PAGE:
Process Review: House and Home Towels

House is a structure. Home is an atmosphere—an atmosphere of love. Three young mothers have made their houses into homes. These are the mothers of my grandchildren, and I am giving a personalized towel to each of them. The combination drawloom is my favorite tool for an undertaking like this. (Be sure to watch the video/slideshow below to see the whole process!)

Myrehed Combination Drawloom, with 45 pattern shafts and 148 single units.
Glimåkra 120cm Standard Loom with Myrehed Combination Drawloom, using 45 pattern shafts and 148 single units.

First up is the Peach Jam towel to hang in my house, where all the families come for flavors of home. Next is Melody’s towel, with a whimsical cottage as Home (which can be read from front or back). Marie’s towel copies the cover of one of her favorite books, The Wise Woman. And Lindsay, a homeschool mom, has a towel that shows the wordplay humor that her family enjoys, Home’s Cool. A house is for people; come on in. A home is for family; welcome home.

Weaving personalized towels on the drawloom.
Whimsical house with whimsical flowers makes a whimsical, joyful home! Single units form the flowers under the houses. Pattern shafts hold the thread units that are raised for the three houses and the side border little squares and flowers.
Ceramic bell from my trip to Germany. Whimsical house.
Melody’s towel design is derived from this ceramic bell that I brought home from my trip to Germany. Melody is especially fond of the bell, which hangs in my drawloom studio.
Drawloom - pattern shafts and single units.
Smoke rises from the chimney, and lush trees surround the home. There is evidence of a growing family here. Chances are, Mom and Dad are reading books by the fire. And seeds are being planted that will mature into living trees.
Drawloom - combination pattern shafts and single units.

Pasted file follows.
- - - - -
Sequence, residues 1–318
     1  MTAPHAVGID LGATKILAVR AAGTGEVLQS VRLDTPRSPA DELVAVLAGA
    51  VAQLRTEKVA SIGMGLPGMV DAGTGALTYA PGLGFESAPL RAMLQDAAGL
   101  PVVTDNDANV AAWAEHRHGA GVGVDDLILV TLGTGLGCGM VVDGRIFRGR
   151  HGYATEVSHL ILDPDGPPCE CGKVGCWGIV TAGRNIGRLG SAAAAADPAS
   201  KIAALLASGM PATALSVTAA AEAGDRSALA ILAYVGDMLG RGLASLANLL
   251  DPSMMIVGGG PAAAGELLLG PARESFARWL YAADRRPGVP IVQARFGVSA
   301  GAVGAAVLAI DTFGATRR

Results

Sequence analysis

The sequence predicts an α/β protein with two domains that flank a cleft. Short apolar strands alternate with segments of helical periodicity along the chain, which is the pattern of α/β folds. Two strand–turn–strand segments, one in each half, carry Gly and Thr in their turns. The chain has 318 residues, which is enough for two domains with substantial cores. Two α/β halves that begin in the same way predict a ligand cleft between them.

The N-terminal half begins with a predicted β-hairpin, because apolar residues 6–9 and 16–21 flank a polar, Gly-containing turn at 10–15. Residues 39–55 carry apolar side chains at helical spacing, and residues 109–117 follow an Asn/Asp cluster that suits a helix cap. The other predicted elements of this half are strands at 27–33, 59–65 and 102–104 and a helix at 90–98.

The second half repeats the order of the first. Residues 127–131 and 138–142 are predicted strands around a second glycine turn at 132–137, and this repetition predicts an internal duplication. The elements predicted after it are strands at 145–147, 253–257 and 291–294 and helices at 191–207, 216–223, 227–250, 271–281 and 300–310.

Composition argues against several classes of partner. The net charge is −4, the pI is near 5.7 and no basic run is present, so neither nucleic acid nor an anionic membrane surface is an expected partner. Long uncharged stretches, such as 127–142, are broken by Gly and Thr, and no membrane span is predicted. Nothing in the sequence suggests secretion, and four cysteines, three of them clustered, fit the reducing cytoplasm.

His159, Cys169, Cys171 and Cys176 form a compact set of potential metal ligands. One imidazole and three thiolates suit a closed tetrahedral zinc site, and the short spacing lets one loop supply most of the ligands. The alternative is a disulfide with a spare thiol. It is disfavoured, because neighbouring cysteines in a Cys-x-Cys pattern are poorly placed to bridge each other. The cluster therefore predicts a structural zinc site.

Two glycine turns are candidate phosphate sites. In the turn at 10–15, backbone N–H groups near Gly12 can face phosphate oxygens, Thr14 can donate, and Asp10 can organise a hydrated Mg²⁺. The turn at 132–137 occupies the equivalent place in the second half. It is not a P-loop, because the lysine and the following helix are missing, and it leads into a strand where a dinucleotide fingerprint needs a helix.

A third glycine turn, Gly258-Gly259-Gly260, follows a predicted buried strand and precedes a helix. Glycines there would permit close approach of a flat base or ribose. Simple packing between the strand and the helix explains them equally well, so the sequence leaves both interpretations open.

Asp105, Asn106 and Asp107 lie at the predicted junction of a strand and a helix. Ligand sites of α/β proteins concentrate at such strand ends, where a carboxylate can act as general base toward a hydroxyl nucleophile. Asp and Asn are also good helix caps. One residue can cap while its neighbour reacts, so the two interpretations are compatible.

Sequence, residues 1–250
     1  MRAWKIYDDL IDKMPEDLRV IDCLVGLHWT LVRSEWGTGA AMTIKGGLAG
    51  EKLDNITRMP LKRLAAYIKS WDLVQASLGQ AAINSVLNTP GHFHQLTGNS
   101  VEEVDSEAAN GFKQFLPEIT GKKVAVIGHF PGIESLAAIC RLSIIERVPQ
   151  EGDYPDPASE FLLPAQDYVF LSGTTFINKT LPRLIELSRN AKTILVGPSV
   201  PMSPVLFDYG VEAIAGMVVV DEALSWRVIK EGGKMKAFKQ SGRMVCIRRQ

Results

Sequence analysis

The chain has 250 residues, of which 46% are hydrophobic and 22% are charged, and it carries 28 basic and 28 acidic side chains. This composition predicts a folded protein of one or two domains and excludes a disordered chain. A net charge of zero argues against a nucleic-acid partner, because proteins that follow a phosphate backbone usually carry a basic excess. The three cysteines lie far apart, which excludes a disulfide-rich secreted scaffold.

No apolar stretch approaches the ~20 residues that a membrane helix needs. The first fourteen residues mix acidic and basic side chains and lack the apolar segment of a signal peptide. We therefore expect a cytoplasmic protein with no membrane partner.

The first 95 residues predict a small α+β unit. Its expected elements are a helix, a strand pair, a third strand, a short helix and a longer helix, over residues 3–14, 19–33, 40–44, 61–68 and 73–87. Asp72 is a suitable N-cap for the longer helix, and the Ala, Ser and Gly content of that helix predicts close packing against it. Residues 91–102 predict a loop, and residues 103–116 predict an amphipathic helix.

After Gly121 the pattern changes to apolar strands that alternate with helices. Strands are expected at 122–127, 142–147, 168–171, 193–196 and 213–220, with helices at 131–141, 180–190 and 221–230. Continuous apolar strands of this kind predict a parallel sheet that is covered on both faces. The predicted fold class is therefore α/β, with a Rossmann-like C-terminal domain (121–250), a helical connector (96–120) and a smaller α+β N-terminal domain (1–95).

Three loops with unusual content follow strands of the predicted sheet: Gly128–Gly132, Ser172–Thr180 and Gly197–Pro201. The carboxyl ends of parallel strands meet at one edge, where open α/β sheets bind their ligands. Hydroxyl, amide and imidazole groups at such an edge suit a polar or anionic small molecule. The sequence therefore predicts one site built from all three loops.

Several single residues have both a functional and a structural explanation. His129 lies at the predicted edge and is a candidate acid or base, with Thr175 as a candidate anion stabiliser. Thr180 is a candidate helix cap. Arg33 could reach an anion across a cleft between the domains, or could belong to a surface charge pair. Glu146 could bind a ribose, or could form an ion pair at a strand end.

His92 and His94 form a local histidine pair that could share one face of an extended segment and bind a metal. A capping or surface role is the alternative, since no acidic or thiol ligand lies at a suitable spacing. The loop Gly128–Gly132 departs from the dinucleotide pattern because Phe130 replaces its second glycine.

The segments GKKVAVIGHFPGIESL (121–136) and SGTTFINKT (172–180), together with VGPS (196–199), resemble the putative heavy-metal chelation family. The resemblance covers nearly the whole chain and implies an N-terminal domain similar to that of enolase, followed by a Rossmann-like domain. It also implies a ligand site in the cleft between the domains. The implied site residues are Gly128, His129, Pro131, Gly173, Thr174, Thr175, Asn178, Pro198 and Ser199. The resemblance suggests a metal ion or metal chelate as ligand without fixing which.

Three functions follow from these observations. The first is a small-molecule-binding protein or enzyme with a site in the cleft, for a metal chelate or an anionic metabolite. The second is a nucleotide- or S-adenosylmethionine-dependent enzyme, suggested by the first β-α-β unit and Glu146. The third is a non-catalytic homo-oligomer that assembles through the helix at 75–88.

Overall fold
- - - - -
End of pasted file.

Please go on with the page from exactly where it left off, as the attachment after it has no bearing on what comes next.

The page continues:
Bells ring in the towers of the schoolhouses. Single units are used for the numbers and letters on the side borders, and for the words above the pattern-shaft schoolhouses.

Join me in watching the whole process, all the way to the finished towels (several months compressed into a few minutes):

May your house be a welcome home.

With affection,
Karen

What Five-Shaft Huckaback Can Do

It takes only four blocks to weave these lovely summer “flowers.” This five-shaft huckaback uses one tabby treadle and four pattern treadles. My right foot operates the tabby treadle and my left foot manages the pattern treadles. One treadle remains on the floor (not tied up) between the tabby and pattern treadles, putting a helpful space between right foot and left foot.

Skirt fabric!
Flower pattern will be on the second and third tiers of a three-tiered skirt.

Each of the four pattern treadles produces its own block. It couldn’t be simpler. It’s always right foot, left foot. Yet, I can weave the wrong sequence, even while I’m patting myself on the back. For that reason, I stop and examine my work after every few picks. I want to make sure my weaving aligns with the treadling sequence on the draft.

Weaving fabric for 3-tiered skirt!
Summer flowers in huckaback (huck lace).

Have you noticed how easy it is to judge someone else’s motives? And how hard it is to notice our own? I can fool myself. The Lord knows us better than we know ourselves. It’s his mercy that shows us our impure motives. His grace shows us how to walk in his ways. His love keeps us coming back to align our hearts with his.

May your fabric have grace woven in.

Happy Weaving,
Karen

Time to Weave

I would like to finish this skirt project in time to wear the skirt this summer. Huckaback (huck lace) is easy to weave, but it takes time. All I need is time.

Weaving fabric for a tiered skirt.
Huckaback with five shafts and five treadles on the Glimåkra Ideal.

Linen weft threads pack in tighter and make better selvedges when they are dampened. I need a tight weave to square the pattern that is coming on the next two skirt tiers. And the edge of the skirt flounce is a selvedge that will be fully exposed, so tidy selvedges are a must. It takes a little bit of time to hold a damp cloth against the thread as I wind a quill, or to wrap a damp cloth around a quill that’s already wound. It’s worth it. In the scheme of things, that little bit of time is nothing…and everything.

Weaving fabric for a tiered skirt.
By dampening the 16/1 linen weft I am able to get a tight weave without having to beat as hard.
Linen weft in schoolbus yellow!
The edge with the poppy-thread border will be the lower edge of each tier on the three-tiered skirt. I’m paying special attention to the selvedge, and dampening the linen weft really helps!

We all have a little bit of time. Look at your hand. A lifespan is no longer than the width of your hand. A lifetime is one moment to God. Our life begins and ends in one breath of God. This little bit of time we have is nothing…and everything. This is how God loved us in our little bit of time: he gave his one and only Son, so that everyone who believes in him would not perish but have timeless life with him.